Number of Irish babies born with low birth weight on the rise

Proportion of babies with low birth weight grew from 4.9% in 2000 to 5.9% in 2015

The number of Irish  babies born with low birth wieght is rising at a rate exceeded only by Czechia among higher income countries. Photograph: iStock

The number of Irish babies born with low birth wieght is rising at a rate exceeded only by Czechia among higher income countries. Photograph: iStock

 

An increasing number of Irish babies are being born with low birth weight, putting them at increased risk of health issues during life, a major international study shows.

The proportion of Irish babies born with low birth weight grew from 4.9 per cent in 2000 to 5.9 per cent in 2015, against international trends, according to the study published in The Lancet Global Health.

While all 195 member states of the World Health Organisation committed to a 30 per cent reduction in low birth weight prevalence by 2025, Irish figures are rising at a rate exceeded only by Czechia among higher income countries.

The trend can be attributed to a number of factors, including an increase in multiple births arising from IVF use and greater numbers of older women having babies, according to Prof Shane Higgins, master of the National Maternity Hospital.

Other factors include more babies born to women with serious health issues, who previously would not have been able to conceive, and smoking.

While the Irish figure is lower than the US (8 per cent) and the UK (7 per cent), it compares unfavourably with Sweden, where just 2.4 per cent of babies are born with low weight. This is defined at less than 2.5kg.

Prof Higgins said most babies who were marginally low weight did very well, unless they had other problems, and the bigger concern was very low weight babies, around 1kg. Higher rates of Caesarean sections were not a causal factor, he added, though women with smaller babies were at greater risk of requiring one.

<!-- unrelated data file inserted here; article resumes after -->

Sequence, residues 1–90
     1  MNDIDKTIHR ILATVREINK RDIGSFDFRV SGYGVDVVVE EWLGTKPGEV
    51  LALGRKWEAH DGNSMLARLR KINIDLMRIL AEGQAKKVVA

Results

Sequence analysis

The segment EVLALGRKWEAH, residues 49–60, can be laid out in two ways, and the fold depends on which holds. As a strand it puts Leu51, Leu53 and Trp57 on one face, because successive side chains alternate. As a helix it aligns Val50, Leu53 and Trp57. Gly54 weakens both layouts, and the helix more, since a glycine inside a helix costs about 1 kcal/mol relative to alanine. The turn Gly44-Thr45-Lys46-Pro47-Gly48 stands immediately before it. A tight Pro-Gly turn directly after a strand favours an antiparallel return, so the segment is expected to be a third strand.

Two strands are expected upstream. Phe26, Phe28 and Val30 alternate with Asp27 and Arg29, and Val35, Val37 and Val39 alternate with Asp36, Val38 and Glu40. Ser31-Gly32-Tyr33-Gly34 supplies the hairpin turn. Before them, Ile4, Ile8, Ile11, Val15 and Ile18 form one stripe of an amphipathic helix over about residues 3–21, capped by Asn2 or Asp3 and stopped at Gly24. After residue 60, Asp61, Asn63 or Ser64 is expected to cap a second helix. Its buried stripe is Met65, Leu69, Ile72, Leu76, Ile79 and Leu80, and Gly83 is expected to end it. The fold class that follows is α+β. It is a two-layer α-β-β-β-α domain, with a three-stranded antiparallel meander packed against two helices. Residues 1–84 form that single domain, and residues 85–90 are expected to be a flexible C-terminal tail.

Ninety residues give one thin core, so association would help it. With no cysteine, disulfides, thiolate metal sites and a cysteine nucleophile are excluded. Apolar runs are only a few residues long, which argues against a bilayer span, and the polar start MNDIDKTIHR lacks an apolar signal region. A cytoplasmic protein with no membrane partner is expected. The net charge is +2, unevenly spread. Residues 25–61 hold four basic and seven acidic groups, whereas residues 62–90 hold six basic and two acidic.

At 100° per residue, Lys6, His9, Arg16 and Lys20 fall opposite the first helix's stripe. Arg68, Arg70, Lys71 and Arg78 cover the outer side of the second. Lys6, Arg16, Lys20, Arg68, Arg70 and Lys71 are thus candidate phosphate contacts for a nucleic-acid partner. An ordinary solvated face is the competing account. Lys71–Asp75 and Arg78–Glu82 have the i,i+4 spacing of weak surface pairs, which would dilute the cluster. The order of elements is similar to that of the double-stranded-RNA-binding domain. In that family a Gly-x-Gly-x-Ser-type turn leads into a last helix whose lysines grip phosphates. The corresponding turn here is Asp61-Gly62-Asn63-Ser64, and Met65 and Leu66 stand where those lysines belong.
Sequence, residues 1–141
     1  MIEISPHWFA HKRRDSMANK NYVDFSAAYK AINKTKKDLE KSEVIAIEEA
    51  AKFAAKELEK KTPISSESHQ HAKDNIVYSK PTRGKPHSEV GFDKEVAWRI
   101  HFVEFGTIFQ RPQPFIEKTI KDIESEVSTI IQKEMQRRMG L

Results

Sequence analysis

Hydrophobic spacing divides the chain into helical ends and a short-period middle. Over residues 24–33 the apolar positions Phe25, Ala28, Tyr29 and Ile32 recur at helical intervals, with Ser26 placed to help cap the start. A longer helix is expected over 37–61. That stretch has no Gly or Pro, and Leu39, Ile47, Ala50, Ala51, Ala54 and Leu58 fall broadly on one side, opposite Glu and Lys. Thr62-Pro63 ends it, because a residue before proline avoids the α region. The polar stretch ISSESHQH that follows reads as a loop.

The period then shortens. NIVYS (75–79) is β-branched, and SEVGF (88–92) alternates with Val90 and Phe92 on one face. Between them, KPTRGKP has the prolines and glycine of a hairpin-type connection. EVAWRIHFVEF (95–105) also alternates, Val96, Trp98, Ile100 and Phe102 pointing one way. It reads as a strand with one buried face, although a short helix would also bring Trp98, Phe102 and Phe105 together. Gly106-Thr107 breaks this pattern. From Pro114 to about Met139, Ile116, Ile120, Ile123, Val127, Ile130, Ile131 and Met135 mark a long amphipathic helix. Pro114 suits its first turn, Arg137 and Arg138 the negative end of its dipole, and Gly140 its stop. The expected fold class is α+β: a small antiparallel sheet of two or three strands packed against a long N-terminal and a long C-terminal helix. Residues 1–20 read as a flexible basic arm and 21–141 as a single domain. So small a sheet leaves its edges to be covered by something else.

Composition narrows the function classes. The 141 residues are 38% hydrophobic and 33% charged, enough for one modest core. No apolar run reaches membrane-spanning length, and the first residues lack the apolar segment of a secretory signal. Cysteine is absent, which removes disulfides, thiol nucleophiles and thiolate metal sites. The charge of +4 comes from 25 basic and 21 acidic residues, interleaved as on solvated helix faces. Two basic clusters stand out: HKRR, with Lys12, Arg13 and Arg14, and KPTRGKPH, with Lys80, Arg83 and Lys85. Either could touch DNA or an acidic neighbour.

One in seven babies worldwide – about 20.5 million – is born with a low birth weight, 90 per cent in low and middle-income countries, according to the analysis by researchers from the London School of Hygiene & Tropical Medicine, Unicef and WHO.

Factors

They say the findings highlight the need for more action to accelerate progress, by tackling the drivers of low birth weight, including extremes of maternal age, multiple pregnancies, obstetric complications, infections, and tobacco and drug use.

“In low-income countries, poor growth in the womb is a major cause of low birth weight. In more developed regions, it is often associated with prematurity [a baby born earlier than 37 weeks’ gestation].

“Despite clear commitments, our estimates indicate that national governments are doing too little to reduce low birth weight,” said lead author Dr Hannah Blencowe.

“We have seen very little change over 15 years, even in high-income settings. To meet the global target of a 30 per cent reduction in low birth weight by 2025 will require more than doubling the pace of progress.”